Antibiotics for Middle Ear Infection
What To Think About
Antibiotics will not be effective if the ear infection is caused by a virus. Waiting before starting an antibiotic can keep your child from taking medicine that he or she doesn't need.
Use of antibiotics to treat ear infections increases the risk for Reference antibiotic-resistant bacteria Opens New Window.
Medicine is one of the many tools your doctor has to treat a health problem. Taking medicine as your doctor suggests will improve your health and may prevent future problems. If you don't take your medicines properly, you may be putting your health (and perhaps your life) at risk.
There are many reasons why people have trouble taking their medicine. But in most cases, there is something you can do. For suggestions on how to work around common problems, see the topic Reference Taking Medicines as Prescribed.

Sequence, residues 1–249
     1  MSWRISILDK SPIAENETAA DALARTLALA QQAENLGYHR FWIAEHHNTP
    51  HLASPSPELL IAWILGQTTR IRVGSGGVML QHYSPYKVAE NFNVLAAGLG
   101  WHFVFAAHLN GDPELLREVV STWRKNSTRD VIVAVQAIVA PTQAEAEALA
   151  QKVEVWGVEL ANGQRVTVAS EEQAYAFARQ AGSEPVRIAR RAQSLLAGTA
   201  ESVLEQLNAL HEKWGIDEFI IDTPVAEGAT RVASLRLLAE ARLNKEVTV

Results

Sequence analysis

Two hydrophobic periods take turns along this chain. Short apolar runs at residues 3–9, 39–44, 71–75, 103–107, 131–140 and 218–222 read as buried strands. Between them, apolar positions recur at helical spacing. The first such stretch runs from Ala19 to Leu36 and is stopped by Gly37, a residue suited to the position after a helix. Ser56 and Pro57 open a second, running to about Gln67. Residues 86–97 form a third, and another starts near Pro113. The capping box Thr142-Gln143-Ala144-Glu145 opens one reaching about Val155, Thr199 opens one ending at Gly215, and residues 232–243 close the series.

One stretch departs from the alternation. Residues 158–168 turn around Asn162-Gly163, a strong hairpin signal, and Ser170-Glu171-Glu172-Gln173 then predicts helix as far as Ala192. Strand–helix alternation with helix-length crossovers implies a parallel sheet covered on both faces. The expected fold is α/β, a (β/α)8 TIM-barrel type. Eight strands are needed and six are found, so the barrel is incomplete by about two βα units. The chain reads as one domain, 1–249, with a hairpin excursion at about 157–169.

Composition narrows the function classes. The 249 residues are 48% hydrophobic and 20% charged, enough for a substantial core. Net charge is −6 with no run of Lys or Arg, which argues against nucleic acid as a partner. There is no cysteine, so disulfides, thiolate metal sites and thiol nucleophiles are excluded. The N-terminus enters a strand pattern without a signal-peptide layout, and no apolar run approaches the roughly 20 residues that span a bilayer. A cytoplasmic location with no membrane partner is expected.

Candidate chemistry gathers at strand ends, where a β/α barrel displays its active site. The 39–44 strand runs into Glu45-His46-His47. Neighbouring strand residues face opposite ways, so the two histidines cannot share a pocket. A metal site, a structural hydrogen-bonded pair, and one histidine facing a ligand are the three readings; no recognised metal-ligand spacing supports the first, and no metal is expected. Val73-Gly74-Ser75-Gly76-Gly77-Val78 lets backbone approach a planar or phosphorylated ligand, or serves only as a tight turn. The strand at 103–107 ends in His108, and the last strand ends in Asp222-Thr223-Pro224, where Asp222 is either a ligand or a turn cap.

Advice for women
If you are pregnant, breast-feeding, or planning to get pregnant, do not use any medicines unless your doctor tells you to. Some medicines can harm your baby. This includes prescription and over-the-counter medicines, vitamins, herbs, and supplements. And make sure that all your doctors know that you are pregnant, breast-feeding, or planning to get pregnant.
Follow-up care is a key part of your treatment and safety. Be sure to make and go to all appointments, and call your doctor if you are having problems. It's also a good idea to know your test results and keep a list of the medicines you take.
|By:||Reference Healthwise Staff||Last Revised: September 10, 2012|
|Medical Review:||Reference Susan C. Kim, MD - Pediatrics
Reference Charles M. Myer, III, MD - Otolaryngology